What Can Anxiety Do To Your Body? 8 Physical Effects

Many of us assume that anxiety is a disorder which exclusively impacts our brain and mental health, however this is definitely a misconception. Indeed, anxiety is such a destabilizing condition that it often affects our physical health and can even provoke serious health problems for sufferers in the long run. Now that you’re aware of the impacts going beyond nervousness and fear, let’s take a look at the effects it has on our bodies and the ways in which these impacts can be limited.

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If you are anything like me, you’ve probably experienced anxiety on a minor level when it comes to speaking in public, meeting new people or attending a job interview. However, on a larger scale, when we move up the spectrum, there are many people who are plagued with this condition to the point where their bodies suffer physical symptoms, which make their daily lives unbearable.

>>> Discover the 5 symptoms of anxiety

8 Physical effects anxiety produces

1) Anxiety causes panic attacks

Panic attacks are certainly very scary experiences and can be so violent that we actually believe we are in the process of dying. Here, our breathing becomes shallow, and our bodies feel like they are rapidly shutting down, making gasping for breath extremely challenging. The intense chest pains can also cause dizziness as well as make us feel completely numb.

2) It brings on intense headaches

The headaches can be so debilitating that they provoke sickness and take hours and in some cases even days to pass. When the headaches appear, they make concentration much more difficult and can even make certain people sensitive to light.

3) Irregular breathing

An increased heart rate and rapid breathing are also two more very dangerous effects of anxiety. These symptoms can throw us into a state of despair and incomprehension with regard to our bodies capacities and more often than not make us panic even more…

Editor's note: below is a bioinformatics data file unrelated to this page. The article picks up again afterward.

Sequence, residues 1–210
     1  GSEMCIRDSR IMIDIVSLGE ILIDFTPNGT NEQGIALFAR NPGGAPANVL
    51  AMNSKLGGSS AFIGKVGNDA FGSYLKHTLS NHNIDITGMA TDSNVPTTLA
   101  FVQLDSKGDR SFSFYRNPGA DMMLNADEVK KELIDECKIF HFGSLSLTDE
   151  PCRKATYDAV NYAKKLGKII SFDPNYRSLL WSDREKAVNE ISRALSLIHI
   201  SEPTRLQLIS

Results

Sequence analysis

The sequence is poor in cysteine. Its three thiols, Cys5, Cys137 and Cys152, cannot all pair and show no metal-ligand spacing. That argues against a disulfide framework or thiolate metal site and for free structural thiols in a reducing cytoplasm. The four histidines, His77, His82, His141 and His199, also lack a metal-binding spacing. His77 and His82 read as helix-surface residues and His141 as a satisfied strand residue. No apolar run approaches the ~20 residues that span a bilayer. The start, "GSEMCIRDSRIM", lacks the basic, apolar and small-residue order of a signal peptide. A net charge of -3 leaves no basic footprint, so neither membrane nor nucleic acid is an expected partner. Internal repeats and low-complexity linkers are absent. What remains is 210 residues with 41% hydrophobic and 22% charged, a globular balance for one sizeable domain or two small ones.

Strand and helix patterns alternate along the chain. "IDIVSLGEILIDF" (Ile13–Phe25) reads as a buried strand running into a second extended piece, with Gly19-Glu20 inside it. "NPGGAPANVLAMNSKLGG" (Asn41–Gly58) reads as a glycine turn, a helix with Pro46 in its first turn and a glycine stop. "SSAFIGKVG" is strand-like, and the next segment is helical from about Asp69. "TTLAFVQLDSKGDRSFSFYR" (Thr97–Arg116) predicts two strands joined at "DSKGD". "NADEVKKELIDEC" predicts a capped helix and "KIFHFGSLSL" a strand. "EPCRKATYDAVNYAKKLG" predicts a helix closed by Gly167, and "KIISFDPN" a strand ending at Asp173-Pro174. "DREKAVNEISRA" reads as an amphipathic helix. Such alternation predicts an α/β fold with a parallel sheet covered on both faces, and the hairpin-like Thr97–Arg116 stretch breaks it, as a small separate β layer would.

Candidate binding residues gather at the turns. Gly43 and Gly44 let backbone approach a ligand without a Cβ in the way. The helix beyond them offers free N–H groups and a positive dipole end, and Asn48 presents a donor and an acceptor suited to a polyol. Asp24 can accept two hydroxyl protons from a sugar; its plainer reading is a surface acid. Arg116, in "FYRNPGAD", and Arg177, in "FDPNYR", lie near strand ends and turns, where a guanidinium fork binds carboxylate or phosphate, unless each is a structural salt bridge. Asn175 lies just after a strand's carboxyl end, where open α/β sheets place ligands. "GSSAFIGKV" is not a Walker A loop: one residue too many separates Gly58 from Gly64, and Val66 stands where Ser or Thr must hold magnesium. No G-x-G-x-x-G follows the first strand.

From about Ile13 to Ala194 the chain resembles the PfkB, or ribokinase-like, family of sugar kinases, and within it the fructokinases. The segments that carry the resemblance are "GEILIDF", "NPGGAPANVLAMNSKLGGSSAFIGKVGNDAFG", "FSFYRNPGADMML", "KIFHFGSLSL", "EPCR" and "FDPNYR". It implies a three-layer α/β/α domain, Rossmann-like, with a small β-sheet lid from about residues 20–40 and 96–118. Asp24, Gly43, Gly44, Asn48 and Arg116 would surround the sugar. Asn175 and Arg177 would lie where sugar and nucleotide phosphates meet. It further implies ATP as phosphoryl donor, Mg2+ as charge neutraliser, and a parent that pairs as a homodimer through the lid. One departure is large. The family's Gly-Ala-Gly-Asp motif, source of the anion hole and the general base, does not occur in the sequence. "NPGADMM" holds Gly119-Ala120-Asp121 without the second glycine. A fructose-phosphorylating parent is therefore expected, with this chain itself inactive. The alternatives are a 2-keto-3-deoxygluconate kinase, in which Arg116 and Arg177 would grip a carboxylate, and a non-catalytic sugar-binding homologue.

>>> Discover the 333 rule for anxiety

4) Profuse sweating

Has there ever been a time when you had to give a presentation, and you noticed yourself sweating even though the temperature was icily cold? Well if so, now with a little of hindsight, you’ll notice that the cold sweats were a stress response and your social anxiety was behind it all.

5) Regular episodes of insomnia

No matter how confident or relaxed we are, at one point or another, we all take our worries and stresses to bed with us. After all, our bedtime is where we replay the major events of our day and also focus on our problems too. Here, unfortunately, our mind has a hard time switching off into unwind mode. Although, when we eventually get to sleep, this condition often provokes nightmares too...

6) Heart attacks

Those who suffer from chronic anxiety are definitely more susceptible when it comes to suffering heart attacks than anyone else. Here, the stress often leads to heart palpitations, which may not seem too dangerous in the short term, however they do in fact contribute to the weakening of the body and the organs.

7) Muscle pains

Our bodies are amazing, yet not even they are complex enough to instantly evacuate the stress we are often confronted with, which explains why we carry so much of it around with us. Tense muscles and stiffness are common physical effects of this disorder.

8) Stomach pains and nausea

They say that the stomach is the body’s second brain, so it comes as no surprise that those who suffer with anxiety also experience intestinal and digestive issues, along with other stomach related physical illnesses.

How can anxiety be treated?

The treatment of anxiety disorders is based on medicinal and/or psychological interventions. In all cases, medical care is necessary to set up an appropriate therapy, adapted to the patient's needs, symptoms and family and social situation. Cognitive and behavioral therapy (CBT) is the most common form of treatment. Cognitive behavioral therapy is the most widely studied therapy for anxiety disorders, including social phobia, panic disorder and obsessive-compulsive disorder. By focusing on the factors that cause and maintain the anxiety and by giving the patient tools for control, this type of therapy is generally effective on a long-term basis (12 to 25 45-minute sessions in general).

Editor’s opinion - Take care of your body

The stresses of life almost always take devastating tolls on our bodies, which emphasizes the importance of looking after ourselves better. The key to feeling better here is learning to unwind and to rid ourselves of the pressure. Whether you choose to work out, paint, draw or even write; doing regular activities that make you feel good and increase your serotonin levels are crucial to calming your nerves and worries.

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